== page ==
Speaking of favor bags for a First Birthday Party, realize that the six month-old attending your party will not be interested in the fluorescent toy BB gun that you tucked into her favor bag and then covered with choke-sized pieces of confetti. Yes, the plastic toy weapon came in a jumbo pack marked “bargain,” but how about a nice, hairy ball of lint? Those are very popular with kids that age. And shouldn’t you put that party favor money into your child’s college savings account?
Lastly, you may recall that no one in the last year wanted to see you unless you brought your baby with you everywhere. You may have erred once by showing up solo and gotten thoroughly chastised by disappointed friends, “Where’s the baby? Why didn’t you bring him?” By now, you may be tired of your child getting all the attention, and it’s too early to wear matching sweatpants that say “Juicy” on your bottoms. If you desire attention now, start talking about your “vision” for the party. You saw this amazing wedding dessert table done by a catering company for around $20K, but you think you can do it for $50 with the help of three people. Remember that time during college when you held back your friend’s hair as she puked? It’s time to call in that favor. Enlist your female relatives and unsuspecting friends to make balloon garlands, Martha Stewart-worthy cupcakes, cookies, rainbow-colored macaroons, mini parfaits, and a sculpted chocolate tree with cellophane-wrapped treats suspended from the branches. Then descend into babbling nonsense by sacrificing your rare sleep hours to hot-glue your own little Sesame Street favor bags:
Concerned friends will start advocating to your life partner that you need more “you time” so you can “regain” your identity, which is a code for your sanity.
Thankfully, when I committed some — ok, most — of these offenses, no one, to our knowledge, disowned us or revoked my feminist card. It was fun to see old friends and have them over at our home finally. My friends from different circles actually liked each other! (Whew!) They joyfully discussed their favorite Sesame Street characters from childhood, before Grover became Super Grover. Everyone enjoyed the Asian-style food and the dessert bar. In addition to filling treat bags with cookies, macaroons, brownie bites, cupcakes, and candy, guests even asked for doggie bags for our homemade Mango Cucumber Soba Noodles and Chinese Chicken Salad. The only leftovers? Some partially eaten chicken nuggets that I found by the couch later that night. The First Birthday Party was a success!
That night, I emailed my parents a short video of our friends and family serenading our terrified son with the Birthday Song. (I carefully edited out the part my son burst into tears after we made him touch the cake frosting.) I braced myself for my parents’criticism. My parents never celebrated their birthdays. After all, their birth dates were not their real birth dates. Back in their native country of Taiwan, the infant mortality rate was so high in rural villages, my grandparents didn’t report my parents’respective births until they were much older. My father never learned his real birth date because he was orphaned at a young age. “Birthday parties,” my hardworking and practical parents said, “are a waste of money.” My siblings and I never had birthday parties. The experience didn’t sour me on birthdays. It was just one of those things that we didn’t do and other families did.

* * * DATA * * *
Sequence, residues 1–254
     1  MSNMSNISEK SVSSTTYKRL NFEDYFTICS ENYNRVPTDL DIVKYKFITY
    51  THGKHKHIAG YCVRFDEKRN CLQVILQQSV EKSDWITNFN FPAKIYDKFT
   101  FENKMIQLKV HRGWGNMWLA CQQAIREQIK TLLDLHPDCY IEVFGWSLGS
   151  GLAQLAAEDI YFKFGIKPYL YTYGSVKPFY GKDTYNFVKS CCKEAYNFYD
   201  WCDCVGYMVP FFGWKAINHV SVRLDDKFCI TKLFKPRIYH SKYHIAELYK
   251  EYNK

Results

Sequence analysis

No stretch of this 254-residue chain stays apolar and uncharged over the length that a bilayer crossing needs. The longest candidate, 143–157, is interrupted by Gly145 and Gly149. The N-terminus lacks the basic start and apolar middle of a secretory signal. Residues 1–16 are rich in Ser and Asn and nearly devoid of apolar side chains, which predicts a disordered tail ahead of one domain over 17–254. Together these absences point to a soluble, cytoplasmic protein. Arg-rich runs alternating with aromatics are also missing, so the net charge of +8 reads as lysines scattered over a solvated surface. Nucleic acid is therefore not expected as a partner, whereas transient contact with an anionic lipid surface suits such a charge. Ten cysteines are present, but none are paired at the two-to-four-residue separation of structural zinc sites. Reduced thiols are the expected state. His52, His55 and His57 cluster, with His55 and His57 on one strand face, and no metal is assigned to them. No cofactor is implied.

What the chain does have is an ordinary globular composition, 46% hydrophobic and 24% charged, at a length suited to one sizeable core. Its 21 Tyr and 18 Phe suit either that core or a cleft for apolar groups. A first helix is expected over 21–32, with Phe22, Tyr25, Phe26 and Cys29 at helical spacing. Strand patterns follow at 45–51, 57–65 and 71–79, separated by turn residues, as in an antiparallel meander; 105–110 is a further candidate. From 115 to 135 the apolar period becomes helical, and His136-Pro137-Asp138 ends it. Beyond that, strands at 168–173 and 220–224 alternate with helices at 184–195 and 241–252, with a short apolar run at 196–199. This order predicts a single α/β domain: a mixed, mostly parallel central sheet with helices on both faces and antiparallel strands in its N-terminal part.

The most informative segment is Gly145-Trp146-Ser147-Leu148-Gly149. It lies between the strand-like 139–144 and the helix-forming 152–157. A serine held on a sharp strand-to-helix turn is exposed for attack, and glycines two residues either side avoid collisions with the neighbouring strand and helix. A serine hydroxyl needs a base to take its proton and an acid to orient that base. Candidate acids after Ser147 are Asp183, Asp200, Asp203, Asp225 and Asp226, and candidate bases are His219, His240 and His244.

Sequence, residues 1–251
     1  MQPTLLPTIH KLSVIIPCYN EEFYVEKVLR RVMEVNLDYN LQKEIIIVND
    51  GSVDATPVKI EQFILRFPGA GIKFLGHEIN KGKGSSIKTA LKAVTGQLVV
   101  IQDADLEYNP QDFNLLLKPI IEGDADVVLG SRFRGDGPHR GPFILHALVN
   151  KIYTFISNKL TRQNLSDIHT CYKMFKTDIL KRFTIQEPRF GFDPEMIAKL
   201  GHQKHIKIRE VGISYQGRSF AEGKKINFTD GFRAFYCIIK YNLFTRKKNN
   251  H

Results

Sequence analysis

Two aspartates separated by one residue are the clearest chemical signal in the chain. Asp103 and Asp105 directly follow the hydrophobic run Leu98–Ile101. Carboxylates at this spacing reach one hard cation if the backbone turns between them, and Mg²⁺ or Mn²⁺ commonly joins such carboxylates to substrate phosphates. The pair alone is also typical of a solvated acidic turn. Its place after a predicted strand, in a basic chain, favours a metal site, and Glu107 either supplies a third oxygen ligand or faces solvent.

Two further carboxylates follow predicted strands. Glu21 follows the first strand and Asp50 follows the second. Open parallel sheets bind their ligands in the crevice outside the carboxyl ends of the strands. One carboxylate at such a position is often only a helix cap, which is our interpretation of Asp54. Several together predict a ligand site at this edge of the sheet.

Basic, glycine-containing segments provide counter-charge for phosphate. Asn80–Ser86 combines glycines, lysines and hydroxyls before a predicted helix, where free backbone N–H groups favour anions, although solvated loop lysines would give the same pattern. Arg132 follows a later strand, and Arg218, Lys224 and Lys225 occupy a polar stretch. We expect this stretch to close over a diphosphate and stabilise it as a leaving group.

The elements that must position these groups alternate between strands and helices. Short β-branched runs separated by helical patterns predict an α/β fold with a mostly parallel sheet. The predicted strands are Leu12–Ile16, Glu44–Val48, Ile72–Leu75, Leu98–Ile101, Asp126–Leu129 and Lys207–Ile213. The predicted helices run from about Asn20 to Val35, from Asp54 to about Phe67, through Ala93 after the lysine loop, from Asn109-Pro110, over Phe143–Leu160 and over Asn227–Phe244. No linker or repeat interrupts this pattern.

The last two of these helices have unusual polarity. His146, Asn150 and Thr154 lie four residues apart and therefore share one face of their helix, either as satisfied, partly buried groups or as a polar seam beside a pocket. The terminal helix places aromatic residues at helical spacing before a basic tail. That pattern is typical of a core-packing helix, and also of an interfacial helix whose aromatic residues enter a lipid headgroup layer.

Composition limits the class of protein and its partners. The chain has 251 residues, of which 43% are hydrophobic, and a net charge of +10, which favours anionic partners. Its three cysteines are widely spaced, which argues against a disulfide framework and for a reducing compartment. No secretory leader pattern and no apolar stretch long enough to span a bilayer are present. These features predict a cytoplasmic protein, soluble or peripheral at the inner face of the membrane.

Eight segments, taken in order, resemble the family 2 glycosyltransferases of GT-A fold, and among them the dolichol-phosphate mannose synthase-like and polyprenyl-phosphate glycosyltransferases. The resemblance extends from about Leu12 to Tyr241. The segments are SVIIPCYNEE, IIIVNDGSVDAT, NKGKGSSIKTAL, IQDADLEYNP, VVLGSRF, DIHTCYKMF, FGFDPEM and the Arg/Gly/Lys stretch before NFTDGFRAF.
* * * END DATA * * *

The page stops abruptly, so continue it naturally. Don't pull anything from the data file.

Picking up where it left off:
Anticipating my parents’obligatory call the next day, I brainstormed answers to my parents’weekly questions, “When are you going to get a job? Are you thinking about going back to school?” To my surprise, although my father was 2,714 miles across the country, I could see him beaming as he said sincerely, “We watched the video repeatedly. It’s wonderful that you were surrounded by so many people that care. We wish we could have been there.”
Let’s face it. First Birthday Parties are more for the parents than the child. The instant that my husband and I became parents, our entire worldviews changed. When we looked at other people, we remembered with more compassion that they, too, were someone’s child once. And, for the first time, the months and years ahead of us suddenly seemed too short, making our hearts swell with gratitude for the present. To watch our baby blossom into a healthy, happy child was to know that we, too, had grown in the First Year. At a playground, a grandfather told me wistfully, “Children are wonderful. They make us young again.” It was worth all the effort to share, through our son’s First Birthday Party, those feelings of childlike wonder, joy, and nostalgia with the people we love.